Today marks the 45th anniversary of America's withdrawal of combat troops from Vietnam. The withdrawal came two months after the Paris Peace Accords were signed, mandating that the United States cease military aggression in Vietnam and asserting that South Vietnam be able to hold free democratic elections.
In response, North Vietnam released 591 prisoners of war in a gesture that came to be called Operation Homecoming. A coterie of roughly 7,000 U.S. Department of Defense operatives remained in Saigon to aid South Vietnam in its ongoing conflict with North Vietnam.
On April 30, 1975, the People's Army of Vietnam and the National Liberation Front of South Vietnam captured Saigon, the capital of South Vietnam. The two countries are unified as the Socialist Republic of Vietnam, signaling the hard end of the Vietnam War.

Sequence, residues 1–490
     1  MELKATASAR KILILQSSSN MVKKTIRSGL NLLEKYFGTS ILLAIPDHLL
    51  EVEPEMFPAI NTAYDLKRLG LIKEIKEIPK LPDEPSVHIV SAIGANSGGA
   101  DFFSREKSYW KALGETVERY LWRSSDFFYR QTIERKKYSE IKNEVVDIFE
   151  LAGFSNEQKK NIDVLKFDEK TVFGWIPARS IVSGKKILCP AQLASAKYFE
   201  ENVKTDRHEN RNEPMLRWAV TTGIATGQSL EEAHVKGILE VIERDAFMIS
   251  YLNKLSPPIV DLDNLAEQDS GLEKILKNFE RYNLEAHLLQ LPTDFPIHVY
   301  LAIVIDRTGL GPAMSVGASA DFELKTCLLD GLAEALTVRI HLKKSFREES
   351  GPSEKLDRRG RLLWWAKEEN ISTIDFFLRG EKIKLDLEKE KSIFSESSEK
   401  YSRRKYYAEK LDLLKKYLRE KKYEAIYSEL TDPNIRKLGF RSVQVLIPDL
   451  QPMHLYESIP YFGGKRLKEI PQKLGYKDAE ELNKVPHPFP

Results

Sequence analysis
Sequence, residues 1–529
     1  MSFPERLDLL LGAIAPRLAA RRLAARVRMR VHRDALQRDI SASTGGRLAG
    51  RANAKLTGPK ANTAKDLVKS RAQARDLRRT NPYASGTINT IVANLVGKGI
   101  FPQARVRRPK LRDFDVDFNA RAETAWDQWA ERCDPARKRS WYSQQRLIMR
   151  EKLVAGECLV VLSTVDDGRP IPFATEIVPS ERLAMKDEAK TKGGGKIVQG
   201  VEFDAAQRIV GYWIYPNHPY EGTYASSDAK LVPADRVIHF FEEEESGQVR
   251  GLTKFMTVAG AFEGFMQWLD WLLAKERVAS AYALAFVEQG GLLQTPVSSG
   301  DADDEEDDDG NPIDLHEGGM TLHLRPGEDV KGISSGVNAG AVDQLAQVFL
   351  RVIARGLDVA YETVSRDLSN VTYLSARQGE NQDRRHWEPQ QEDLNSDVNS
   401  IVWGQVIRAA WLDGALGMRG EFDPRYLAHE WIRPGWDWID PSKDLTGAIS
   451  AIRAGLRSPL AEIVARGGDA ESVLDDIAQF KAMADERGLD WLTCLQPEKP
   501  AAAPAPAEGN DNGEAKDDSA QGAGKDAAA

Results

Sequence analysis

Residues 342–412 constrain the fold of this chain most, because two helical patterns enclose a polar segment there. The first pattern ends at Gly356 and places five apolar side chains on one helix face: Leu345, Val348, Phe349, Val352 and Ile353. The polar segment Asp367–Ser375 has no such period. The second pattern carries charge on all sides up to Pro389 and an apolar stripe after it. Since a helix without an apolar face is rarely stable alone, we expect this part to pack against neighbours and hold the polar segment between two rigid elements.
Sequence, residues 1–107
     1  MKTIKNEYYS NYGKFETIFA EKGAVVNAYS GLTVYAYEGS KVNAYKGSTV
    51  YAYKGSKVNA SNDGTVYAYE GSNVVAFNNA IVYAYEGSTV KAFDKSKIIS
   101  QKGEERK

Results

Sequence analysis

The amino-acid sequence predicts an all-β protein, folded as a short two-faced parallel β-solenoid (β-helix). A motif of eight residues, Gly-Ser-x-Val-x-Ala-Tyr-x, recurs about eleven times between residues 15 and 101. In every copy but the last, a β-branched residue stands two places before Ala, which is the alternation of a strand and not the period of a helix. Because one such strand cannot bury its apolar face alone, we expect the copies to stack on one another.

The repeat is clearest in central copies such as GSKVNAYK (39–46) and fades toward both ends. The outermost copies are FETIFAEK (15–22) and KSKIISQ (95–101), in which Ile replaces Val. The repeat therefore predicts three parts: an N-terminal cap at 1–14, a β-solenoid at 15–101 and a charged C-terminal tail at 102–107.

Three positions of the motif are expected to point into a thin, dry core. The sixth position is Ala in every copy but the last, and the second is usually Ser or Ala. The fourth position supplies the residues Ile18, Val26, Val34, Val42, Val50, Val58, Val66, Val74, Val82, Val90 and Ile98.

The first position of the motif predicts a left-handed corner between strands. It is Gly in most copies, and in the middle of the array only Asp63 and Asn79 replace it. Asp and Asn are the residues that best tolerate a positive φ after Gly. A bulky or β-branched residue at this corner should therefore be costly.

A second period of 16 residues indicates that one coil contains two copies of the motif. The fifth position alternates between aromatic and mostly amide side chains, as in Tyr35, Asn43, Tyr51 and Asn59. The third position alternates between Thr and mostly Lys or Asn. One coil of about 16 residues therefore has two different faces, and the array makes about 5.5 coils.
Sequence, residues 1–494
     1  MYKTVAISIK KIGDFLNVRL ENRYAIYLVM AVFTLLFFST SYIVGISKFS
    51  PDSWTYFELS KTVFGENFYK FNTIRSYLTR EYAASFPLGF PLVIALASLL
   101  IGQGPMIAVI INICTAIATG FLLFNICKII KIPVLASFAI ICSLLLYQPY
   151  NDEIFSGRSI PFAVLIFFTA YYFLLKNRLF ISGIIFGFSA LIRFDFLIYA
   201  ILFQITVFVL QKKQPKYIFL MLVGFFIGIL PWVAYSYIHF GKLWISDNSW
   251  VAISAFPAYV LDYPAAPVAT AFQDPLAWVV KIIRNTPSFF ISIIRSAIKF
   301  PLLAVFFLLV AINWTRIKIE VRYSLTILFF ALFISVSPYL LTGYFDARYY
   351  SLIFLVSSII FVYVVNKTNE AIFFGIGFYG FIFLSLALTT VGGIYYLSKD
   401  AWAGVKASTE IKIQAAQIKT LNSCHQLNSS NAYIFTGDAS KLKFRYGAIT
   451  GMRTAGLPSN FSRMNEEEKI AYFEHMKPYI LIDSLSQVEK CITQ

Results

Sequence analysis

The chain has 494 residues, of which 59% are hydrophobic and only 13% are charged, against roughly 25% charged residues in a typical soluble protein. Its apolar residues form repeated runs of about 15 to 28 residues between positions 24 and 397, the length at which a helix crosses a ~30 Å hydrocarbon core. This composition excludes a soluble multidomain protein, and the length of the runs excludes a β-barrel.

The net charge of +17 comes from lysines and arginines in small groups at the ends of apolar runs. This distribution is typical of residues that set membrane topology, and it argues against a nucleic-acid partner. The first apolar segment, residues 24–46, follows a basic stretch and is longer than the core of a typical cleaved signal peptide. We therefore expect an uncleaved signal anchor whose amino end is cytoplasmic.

The War resulted in massive casualties on all sides. Estimates of Vietnamese dead range from 966,000 to 3.1 million. Between 240,000 and 300,000 Cambodians lost their lives, as well as 20,000-62,000 Laotians. A total of 58,220 American service members were killed, with an additional 1,626 listed as missing in action.
The Vietnam War was a major turning point in American politics and culture, marking (at least a temporary) sharp declines in national pride, faith in elected officials and optimism about the good intentions of American foreign affairs. An emboldened Left would eventually come to abandon its large-scale reform ambitions in the materialism of the eighties.
Vietnam remains one of the core matters of contention in American history, an issue still fought over with tooth, nail and blood. It is regarded by many on the Right as a noble enterprise scuttled by the monkeywrenching of a traitorous Left, and by the Left as a doomed, imperialist campaign that resulted in avoidable mass death and humiliated the nation on the global stage.